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Defying the Law of Conglomerate Physics in the Digital Age

French advertising giant Publicis and its American rival Omnicom recently announced that the two firms were merging to create the world’s biggest advertising company. The new company, which will become a $35 billion advertising behemoth, will be called Publicis Omnicom Group and be jointly led by Omnicom CEO John Wren and Publicis CEO Maurice Levy as co-chief executives.  The new company will control more than 40% of US ad spending which is sending ripples throughout the industry and produced a lively debate as to how the huge mega conglomerate will impact both large and small competitors.  Some competitors see the merger as an opportunity to steal clients who want a more personal advertising approach, while others have voiced concerns that the merger will lead to unfair competition.

The merger likely will create more than just a few “client conflicts,” with brands like Bud Light, Miller Lite, Coca Cola and Pepsi now finding their iconic labels being managed by the same agency.  The success of this merger may, in the end, be determined by two primary factors: client reactions and the impact of scalability.  While a number of big clients publicly shrugged off concerns, it’s hard to ignore the potential for conflicts of interest.   Although the co-leaders of Publicis Omnicom are talking about achieving $500 million in “efficiencies” because of the merger, those efficiencies have not yet been defined much less realized.  It’s possible, notes Paul Pellman, CEO of marketing analytics provider Adometry, that these efficiencies consist of leveraging data and digital marketing technologies at a grander scale. Pellman noted in “12 Things Direct Marketers Need to Know about the Omnicom-Publicis Merger” that the combined resources and assets could lead to a “more sophisticated” ad buying platform—one that drives audience attributes and real-time performance data to produce stronger results for less.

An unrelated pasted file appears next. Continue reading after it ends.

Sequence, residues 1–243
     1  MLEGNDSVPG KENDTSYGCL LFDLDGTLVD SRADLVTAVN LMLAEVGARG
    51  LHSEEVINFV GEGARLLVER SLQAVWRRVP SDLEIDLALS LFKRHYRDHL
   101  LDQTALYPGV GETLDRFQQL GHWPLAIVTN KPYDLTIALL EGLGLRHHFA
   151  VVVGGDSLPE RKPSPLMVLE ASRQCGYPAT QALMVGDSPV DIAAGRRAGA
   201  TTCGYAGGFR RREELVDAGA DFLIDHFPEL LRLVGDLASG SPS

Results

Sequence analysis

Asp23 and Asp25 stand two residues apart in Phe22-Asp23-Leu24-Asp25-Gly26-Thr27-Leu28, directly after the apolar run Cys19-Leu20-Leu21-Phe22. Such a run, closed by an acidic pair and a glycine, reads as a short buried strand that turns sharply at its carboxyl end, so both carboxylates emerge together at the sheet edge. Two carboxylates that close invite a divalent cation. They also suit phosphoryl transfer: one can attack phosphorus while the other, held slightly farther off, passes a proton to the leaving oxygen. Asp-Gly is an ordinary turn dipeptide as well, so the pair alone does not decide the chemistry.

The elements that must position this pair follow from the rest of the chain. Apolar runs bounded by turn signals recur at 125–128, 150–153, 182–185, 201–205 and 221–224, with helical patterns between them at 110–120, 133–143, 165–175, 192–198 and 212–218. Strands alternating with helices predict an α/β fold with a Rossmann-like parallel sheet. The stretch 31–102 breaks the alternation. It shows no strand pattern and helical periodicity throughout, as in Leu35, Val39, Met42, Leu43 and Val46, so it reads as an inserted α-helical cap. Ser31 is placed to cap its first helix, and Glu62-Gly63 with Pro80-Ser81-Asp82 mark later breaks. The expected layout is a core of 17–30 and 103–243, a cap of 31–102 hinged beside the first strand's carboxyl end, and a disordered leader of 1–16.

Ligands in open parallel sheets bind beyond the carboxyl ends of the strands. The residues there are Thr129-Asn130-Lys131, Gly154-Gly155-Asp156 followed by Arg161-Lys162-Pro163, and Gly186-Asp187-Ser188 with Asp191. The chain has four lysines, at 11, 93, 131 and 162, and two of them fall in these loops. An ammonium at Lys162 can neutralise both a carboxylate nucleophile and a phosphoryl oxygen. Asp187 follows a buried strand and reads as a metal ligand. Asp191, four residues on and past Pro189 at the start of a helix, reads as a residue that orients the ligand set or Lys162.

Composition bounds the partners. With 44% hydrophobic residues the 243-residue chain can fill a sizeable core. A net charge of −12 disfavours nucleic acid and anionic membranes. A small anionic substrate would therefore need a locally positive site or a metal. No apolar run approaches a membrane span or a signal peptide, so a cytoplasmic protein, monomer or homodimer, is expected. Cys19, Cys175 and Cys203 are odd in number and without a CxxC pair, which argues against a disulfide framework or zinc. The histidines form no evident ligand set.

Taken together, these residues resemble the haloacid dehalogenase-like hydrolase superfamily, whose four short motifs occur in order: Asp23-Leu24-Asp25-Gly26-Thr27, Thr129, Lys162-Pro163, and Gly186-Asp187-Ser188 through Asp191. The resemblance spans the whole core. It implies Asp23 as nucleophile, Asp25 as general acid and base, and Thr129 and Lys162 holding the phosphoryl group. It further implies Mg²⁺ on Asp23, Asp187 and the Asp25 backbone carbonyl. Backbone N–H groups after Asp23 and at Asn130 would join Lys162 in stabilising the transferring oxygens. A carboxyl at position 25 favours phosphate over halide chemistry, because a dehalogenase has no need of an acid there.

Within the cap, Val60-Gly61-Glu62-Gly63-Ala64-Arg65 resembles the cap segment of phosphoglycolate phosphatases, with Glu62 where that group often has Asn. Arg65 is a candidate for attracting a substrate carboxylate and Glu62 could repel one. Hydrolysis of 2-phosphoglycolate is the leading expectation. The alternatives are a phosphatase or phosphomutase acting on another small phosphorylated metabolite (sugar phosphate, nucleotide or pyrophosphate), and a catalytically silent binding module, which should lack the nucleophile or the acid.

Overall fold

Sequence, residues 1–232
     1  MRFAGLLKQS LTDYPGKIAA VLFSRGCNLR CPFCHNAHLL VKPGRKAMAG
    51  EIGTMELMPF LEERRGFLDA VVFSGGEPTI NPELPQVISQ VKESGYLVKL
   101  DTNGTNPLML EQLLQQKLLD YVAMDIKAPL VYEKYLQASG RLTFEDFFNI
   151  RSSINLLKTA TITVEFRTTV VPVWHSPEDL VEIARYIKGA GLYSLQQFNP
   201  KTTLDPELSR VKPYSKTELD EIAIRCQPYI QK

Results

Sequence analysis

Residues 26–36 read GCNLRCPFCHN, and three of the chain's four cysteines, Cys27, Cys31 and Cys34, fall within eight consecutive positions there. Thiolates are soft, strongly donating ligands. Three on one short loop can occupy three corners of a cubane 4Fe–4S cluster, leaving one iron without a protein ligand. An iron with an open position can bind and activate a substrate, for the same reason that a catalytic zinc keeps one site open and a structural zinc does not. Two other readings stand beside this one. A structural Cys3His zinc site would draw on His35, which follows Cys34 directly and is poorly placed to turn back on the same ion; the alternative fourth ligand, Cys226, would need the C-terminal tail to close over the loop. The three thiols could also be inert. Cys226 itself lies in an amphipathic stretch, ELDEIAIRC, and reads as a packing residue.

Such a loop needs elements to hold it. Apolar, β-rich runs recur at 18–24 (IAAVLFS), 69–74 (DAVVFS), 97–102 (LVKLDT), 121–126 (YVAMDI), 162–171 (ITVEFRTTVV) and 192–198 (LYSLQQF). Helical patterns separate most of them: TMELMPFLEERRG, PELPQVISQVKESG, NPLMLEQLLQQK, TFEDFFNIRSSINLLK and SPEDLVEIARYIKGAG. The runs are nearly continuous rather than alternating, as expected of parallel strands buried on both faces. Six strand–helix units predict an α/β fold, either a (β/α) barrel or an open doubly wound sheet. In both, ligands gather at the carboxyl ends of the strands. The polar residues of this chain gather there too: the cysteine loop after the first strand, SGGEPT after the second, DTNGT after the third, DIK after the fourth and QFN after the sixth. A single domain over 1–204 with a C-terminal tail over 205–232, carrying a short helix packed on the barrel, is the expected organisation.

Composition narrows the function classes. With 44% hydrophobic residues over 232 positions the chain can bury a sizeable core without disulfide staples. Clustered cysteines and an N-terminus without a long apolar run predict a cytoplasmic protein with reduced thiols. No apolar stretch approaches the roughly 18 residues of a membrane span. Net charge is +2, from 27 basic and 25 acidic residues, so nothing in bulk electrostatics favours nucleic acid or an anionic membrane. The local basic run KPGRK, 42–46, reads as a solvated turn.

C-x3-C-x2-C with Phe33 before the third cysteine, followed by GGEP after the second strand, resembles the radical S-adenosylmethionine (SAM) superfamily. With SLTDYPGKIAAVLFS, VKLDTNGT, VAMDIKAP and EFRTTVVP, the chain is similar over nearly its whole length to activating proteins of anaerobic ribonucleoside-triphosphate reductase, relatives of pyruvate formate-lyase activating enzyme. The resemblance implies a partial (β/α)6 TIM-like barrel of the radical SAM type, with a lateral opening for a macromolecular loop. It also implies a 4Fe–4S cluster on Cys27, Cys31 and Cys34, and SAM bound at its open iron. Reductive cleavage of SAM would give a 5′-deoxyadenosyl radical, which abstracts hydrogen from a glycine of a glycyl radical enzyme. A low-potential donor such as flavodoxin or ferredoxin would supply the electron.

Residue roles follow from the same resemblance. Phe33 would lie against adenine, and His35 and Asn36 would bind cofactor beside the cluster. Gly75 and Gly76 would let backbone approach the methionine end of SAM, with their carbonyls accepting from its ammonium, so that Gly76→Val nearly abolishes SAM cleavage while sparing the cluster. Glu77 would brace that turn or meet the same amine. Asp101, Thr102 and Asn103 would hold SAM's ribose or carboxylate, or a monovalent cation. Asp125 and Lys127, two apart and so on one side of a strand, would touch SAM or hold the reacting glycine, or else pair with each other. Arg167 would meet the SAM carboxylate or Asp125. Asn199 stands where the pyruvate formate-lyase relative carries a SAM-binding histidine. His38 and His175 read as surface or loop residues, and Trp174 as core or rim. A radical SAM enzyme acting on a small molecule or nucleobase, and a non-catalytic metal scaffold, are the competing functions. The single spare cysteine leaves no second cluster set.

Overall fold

But we have all experienced before the phenomenon that bigger is not always better and projected benefits from predicted efficiencies are not always, or ever, fully realized.  As the size and organizational complexities of mega companies grow they tend to be less agile and slower to respond to subtle but impactful changes in marketing direction and the rapid pace of the digital media environment.  In addition, the inevitable conflicts between departmentalized fiefdoms, which are inherent in mega organizations, will certainly have a negative impact on creativity and innovation.  As Larry Deutsch, EVP and general manager of Blue Chip says, “scale has no connection to innovation and can actually end up hurting the conglomerates rather than helping them.”

Some industry analysts predict that many smaller brands will begin to flee within the next three to six months. As well, when competitor brands like PepsiCo Inc. and Coca-Cola Co. begin sharing the same roof under the merger, some marketing insiders are already wondering how soon brands such as these will tire of sharing their resources and walk away.  Such a migration, if realized, will produce significant opportunities for smaller, more creative agencies that focus on differentiating themselves from the pack and who successfully leverage their unique capabilities to offer innovative solutions to their clients.   The reality is that marketers will spend their money with whoever does digital marketing the best.  Even ad networks like Hearst Media and Merideth Corp are taking a piece of the social spend because they have innovative offerings like influencer marketing, content strategies and mobile solutions.  Mega firms like the new Publicis Omnicom Group will have to move with the agility of an emerging start-up to totally dominate in digital marketing, a reality that may just defy the law of conglomerate physics.

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